Gelcoat & Repairs on a 1978 SeaCamper with Slow Car Fast Home

Welcome back, TotalBoat enthusiasts! In this edition, we're diving into the restoration journey of Danielle and Tommy from Slow Car Fast Home as they tackle the hull repairs and gelcoat restoration on their 1978 SeaCamper boat.

Preparation and Sanding

The journey began with an extensive sanding process, where Tommy spent four days meticulously sanding down the entire hull. After sanding, they focused on repairing dings and divots, ensuring the surface was smooth and ready for the gelcoat application.

Structural Putty and Fairing Compound

To address deeper damages, Danielle used a dremel to expose fibers, creating a better grip for the structural putty. They used Polyester Structural Marine Repair Putty catalyzed with MEKP, which ensured a strong bond.

Once the polyester structural putty cured, Tommy sanded it down, creating a seamless and smooth surface before applying TotalBoat Polyester Fairing Compound & Marine Filler.

Gelcoat Application - Day 1

After assessing the hull, they decided they wanted to spray gelcoat instead of using marine paint. Since this was their first time attempting a gelcoat, they embarked on the application journey with careful precision. They used Gelcoat without wax for the first two coats, and worked in small 8 oz pours to avoid wastage and ensure proper application. The repairs were visibly transformed, showcasing the effectiveness of the earlier prep work.

Danielle enthusiastically comments- ‘The steps we were repairing, oh my gosh, they look wild! We took a lot of time trying to do all the repairs on this with the polyester structural putty, and then the polyester fairing compound…and this is just beyond what I thought this would look like, this is insane.’

Gelcoat Application - Day 2

The second day brought the final coat of gelcoat, this time with wax added. This crucial step facilitated a complete cure, preventing the gelcoat from remaining sticky. Danielle and Tommy shared their learnings and the challenges they overcame, emphasizing the importance of a smooth workflow.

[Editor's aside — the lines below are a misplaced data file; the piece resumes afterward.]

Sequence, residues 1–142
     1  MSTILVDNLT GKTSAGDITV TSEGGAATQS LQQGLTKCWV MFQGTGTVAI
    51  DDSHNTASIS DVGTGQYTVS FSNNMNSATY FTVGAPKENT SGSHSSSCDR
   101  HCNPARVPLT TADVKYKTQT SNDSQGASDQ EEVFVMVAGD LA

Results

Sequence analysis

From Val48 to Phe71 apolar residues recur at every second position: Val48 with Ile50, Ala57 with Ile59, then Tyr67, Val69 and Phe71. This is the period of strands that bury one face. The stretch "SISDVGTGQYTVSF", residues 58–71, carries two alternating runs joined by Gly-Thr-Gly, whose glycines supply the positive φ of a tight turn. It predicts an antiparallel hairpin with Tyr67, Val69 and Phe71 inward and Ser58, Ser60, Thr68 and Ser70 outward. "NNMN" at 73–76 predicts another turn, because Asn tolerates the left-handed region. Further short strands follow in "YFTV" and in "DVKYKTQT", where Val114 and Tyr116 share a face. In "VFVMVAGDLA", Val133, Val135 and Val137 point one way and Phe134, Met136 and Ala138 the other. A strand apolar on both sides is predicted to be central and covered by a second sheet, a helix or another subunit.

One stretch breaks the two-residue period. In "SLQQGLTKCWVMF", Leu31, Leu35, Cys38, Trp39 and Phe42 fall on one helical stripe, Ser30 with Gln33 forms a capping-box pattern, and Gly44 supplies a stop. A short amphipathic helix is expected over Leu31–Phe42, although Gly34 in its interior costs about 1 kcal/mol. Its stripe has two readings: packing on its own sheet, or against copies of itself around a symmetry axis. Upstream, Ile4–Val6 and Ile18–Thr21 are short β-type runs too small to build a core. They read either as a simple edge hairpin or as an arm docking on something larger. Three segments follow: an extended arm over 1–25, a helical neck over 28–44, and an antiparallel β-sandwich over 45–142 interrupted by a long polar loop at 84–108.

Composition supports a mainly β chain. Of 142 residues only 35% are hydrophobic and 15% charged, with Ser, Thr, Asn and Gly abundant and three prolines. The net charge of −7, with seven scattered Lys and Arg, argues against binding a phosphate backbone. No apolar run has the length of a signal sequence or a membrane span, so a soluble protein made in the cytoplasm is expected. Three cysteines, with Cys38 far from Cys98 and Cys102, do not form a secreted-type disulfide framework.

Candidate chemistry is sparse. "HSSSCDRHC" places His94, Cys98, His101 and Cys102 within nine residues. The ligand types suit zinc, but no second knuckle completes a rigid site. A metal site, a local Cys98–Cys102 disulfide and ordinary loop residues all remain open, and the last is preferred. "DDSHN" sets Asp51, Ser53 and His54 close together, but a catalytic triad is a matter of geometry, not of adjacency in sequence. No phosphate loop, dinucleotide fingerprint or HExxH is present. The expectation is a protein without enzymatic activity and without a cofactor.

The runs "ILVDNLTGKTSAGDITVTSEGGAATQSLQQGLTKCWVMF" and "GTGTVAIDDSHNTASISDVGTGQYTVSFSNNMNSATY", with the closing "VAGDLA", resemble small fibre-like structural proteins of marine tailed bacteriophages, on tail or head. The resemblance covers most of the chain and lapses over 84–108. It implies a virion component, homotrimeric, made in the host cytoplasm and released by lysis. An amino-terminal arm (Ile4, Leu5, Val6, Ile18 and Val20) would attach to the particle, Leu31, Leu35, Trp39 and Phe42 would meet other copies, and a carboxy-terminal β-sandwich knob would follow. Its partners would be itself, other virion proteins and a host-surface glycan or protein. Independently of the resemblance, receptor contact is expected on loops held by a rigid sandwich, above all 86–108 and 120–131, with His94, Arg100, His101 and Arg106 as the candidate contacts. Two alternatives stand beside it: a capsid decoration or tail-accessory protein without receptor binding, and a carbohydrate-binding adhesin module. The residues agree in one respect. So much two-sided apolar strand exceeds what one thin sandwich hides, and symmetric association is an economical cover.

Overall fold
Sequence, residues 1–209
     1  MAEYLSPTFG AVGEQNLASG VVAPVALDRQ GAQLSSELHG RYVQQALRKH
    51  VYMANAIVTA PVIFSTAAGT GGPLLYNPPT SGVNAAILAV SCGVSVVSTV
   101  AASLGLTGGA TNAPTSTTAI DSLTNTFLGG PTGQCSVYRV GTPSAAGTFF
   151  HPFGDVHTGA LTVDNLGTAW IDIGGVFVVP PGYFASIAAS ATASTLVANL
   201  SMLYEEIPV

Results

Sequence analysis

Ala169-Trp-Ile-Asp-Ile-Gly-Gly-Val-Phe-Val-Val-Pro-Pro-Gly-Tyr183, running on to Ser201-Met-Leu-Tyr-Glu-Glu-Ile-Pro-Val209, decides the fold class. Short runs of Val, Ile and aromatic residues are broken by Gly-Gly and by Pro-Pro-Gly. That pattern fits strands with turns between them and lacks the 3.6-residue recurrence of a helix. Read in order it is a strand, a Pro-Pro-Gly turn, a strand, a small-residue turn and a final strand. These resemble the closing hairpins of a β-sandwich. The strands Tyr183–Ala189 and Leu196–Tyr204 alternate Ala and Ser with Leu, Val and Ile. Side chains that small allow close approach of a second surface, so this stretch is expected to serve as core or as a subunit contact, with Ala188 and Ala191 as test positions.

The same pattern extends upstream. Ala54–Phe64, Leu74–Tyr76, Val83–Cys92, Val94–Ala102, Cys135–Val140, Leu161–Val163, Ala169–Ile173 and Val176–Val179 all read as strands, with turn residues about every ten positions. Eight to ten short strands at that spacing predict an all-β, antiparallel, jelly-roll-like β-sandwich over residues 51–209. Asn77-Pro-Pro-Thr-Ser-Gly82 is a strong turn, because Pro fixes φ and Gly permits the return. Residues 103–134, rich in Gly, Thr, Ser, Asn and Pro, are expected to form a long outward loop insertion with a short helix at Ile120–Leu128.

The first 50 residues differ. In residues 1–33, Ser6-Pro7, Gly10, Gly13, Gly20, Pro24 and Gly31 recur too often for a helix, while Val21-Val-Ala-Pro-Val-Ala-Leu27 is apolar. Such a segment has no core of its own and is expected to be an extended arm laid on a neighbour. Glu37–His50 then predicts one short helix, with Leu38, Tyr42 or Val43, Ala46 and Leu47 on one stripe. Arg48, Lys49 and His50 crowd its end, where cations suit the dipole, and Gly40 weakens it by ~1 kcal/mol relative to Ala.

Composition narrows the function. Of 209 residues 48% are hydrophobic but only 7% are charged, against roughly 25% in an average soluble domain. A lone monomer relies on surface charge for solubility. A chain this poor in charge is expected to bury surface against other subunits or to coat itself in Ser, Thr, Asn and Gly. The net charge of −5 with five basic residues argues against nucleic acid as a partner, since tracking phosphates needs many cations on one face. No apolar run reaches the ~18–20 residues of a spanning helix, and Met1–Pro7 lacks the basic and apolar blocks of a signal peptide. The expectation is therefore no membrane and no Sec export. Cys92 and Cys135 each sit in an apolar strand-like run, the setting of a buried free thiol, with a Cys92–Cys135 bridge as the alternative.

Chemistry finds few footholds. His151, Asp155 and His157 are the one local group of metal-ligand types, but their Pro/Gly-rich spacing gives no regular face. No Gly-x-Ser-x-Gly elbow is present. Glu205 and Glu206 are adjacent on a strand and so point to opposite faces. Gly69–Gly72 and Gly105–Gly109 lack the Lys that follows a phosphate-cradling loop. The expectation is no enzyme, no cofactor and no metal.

Sanding and Buffing:

With the gelcoat in place, the next phase involved careful sanding using 600-grit sandpaper to help achieve a flawless finish. The couple emphasized the necessity of working in small sections to avoid overworking the gelcoat. The final buffing and polishing phase was completed with TotalBuff Rubbing Compound and TotalShine Finish Compound, delivering impressive results.

After weeks of dedication and a few trial-and-error lessons, Danielle and Tommy successfully restored the lower half of their SeaCamper. The shine of the new gelcoat speaks volumes about the transformative power of proper restoration techniques. Stay tuned for their next adventure as they shift their focus to the topside of the boat!

Remember, if beginners like Danielle and Tommy can take on such a project, so can you! We hope this journey inspires your own boat restoration endeavors. Until next time, happy boating with TotalBoat!


Well done. It’s nice to see young people taking on project that most people would hirer out.
What a team!


I am in process of repairing my sunk and refloated Trojan F-36 with major hull damage.
I am converting a 38ft Chris Craft hull into an aluminum Trawler. A Major project.


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